By Robert Moyes
Monday Magazine contributor
After breaking our hearts in February with La Traviata, Pacific Opera Victoria breaks out the bubbly and puts on a party hat with Countess Maritza, an effervescent charmer from what’s known as the Silver Age of Viennese Operetta.
The second great success of Hungarian composer Emmerich Kálmán, Countess dates from 1924 and is a classic romantic comedy with a twisty plot full of deceptions and misunderstandings that inevitably culminates with loving hearts and a happy ending.
The star of the show is Kálmán’s gorgeous music, featuring a buoyant fusion of Viennese waltz with Hungarian folk tunes. Very much influenced by both Puccini and Tchaikovsky, Kálmán was a skilled composer whose many operettas brought him worldwide fame and a stature equivalent to that of Franz Lehar, the other great 20th-century master of these elegant musical confections.
The plot, worthy of a screwball comedy, centres on the bewitching Countess Maritza, a young widow who is so tired of the attentions of a multitude of pesky suitors that in order to get some peace she has invented an entirely fictional fiancé. But when she decides to throw a fancy dinner party at her country estate, the complications begin to pile up.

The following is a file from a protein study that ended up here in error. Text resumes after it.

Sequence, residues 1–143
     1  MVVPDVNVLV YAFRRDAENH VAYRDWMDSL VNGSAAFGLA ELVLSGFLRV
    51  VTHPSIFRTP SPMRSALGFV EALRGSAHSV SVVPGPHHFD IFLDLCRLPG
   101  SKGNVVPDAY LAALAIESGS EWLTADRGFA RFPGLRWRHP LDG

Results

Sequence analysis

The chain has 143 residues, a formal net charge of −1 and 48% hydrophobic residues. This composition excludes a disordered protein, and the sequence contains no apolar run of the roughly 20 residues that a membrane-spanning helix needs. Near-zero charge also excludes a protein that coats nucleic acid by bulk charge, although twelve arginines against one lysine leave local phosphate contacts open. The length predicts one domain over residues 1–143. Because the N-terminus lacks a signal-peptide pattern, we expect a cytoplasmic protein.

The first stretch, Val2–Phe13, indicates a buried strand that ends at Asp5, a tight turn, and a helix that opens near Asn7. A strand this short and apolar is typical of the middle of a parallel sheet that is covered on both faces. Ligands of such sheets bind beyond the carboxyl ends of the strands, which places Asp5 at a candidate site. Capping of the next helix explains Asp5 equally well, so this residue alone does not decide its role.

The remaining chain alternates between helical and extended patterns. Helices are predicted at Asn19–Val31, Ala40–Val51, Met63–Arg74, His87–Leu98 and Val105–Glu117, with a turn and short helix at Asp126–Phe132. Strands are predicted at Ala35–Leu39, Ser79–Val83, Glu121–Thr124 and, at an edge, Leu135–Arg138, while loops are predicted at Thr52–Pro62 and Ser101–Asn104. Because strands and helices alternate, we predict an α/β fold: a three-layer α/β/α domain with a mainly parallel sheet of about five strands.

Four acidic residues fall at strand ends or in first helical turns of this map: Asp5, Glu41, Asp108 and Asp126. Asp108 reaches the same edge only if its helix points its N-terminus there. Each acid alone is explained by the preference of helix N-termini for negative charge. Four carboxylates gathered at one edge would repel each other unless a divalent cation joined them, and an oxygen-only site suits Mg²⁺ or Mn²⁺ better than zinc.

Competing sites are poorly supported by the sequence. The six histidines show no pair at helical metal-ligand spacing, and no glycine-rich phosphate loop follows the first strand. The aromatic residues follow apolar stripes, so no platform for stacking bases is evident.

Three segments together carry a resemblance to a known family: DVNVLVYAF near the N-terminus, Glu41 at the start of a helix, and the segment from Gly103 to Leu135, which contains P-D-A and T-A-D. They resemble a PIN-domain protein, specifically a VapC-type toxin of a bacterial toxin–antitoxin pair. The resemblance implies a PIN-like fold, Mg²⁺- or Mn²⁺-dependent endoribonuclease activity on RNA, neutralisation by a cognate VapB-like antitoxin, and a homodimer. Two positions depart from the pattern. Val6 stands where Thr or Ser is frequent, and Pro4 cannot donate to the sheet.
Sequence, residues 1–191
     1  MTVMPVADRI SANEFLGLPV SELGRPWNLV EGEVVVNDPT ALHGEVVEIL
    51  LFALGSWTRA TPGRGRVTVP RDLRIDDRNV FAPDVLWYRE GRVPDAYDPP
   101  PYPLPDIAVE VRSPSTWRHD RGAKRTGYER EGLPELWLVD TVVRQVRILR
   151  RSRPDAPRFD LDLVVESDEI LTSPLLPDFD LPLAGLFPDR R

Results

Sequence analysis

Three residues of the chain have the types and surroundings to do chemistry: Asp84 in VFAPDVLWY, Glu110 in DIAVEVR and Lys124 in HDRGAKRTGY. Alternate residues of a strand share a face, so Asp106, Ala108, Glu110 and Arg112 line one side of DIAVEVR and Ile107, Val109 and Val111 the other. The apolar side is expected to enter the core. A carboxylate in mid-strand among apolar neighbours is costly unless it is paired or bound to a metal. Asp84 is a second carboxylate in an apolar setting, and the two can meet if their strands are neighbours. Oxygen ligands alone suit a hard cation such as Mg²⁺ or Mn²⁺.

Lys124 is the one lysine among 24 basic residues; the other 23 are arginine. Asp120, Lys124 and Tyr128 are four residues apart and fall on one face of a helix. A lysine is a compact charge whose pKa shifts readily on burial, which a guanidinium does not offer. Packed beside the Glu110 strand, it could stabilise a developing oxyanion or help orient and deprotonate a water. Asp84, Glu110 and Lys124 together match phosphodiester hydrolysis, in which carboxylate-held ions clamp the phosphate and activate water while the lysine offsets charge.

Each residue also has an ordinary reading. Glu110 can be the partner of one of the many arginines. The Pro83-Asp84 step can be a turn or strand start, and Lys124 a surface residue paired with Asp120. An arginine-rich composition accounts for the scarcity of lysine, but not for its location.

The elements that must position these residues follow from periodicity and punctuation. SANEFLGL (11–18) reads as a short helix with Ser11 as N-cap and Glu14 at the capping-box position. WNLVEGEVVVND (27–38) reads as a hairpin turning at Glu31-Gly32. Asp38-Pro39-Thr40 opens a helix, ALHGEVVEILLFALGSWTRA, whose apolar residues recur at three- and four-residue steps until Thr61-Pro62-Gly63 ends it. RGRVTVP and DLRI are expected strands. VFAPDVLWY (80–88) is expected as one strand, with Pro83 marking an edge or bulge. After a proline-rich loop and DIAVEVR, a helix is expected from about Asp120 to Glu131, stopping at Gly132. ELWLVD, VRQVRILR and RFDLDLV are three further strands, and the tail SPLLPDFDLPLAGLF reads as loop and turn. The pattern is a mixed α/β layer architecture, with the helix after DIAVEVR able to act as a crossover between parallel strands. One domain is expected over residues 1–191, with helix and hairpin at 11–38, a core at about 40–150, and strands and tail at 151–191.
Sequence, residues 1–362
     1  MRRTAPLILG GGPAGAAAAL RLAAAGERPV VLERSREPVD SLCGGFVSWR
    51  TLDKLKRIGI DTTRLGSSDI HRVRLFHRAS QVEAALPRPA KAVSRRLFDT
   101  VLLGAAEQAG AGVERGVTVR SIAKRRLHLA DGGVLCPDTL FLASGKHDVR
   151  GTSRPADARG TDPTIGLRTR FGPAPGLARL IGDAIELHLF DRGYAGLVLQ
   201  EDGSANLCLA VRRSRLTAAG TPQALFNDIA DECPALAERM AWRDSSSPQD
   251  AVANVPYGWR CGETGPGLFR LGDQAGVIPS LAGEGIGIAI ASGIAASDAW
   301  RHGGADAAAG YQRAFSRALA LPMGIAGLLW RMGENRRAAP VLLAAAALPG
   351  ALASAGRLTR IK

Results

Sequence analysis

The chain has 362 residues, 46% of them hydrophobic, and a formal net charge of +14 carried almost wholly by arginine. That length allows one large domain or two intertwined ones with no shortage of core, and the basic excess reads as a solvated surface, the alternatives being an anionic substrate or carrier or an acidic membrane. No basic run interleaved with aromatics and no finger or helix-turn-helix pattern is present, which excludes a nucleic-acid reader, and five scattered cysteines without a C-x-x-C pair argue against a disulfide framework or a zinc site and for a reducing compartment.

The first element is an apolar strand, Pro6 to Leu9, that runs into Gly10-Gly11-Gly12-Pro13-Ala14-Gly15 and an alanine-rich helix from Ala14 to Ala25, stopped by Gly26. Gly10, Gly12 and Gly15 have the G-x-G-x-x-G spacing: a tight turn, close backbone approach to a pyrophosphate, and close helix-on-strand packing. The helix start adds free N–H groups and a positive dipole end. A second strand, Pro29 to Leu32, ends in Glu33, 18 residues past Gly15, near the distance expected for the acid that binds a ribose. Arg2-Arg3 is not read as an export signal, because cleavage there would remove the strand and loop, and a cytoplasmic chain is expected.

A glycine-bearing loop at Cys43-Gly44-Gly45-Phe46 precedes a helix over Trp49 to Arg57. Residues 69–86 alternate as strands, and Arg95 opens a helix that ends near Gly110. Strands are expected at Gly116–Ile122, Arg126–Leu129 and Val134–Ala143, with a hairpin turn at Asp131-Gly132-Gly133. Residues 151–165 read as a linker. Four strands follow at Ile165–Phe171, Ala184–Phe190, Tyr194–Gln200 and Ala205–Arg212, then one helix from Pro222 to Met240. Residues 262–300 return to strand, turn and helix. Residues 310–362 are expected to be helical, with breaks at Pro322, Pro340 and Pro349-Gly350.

Most notably, along comes a Baron who is indulging his curiosity, insofar as he shares the identical name as the Countess’s supposed fiancé. Enchanted by the Countess, the Baron quickly shows an alarming interest in marrying this woman he has just met.
Further intrigue arrives in the person of a seemingly lowly bailiff, in actuality an impoverished Count who is working incognito to earn a dowry for his lovely sister, Lisa. Add in a gypsy fortune teller, then stir the pot with some gentle schemings and romantic misalliances, and the stage is set for a nostalgic, old-fashioned and highly entertaining evening of captivating music and fizzy frivolity.
Countess Maritza runs April 25 to May 5 at the Royal Theatre. For tickets, visit rmts.bc.ca, call 250-386-6121 or drop by the Royal or McPherson theatre box office.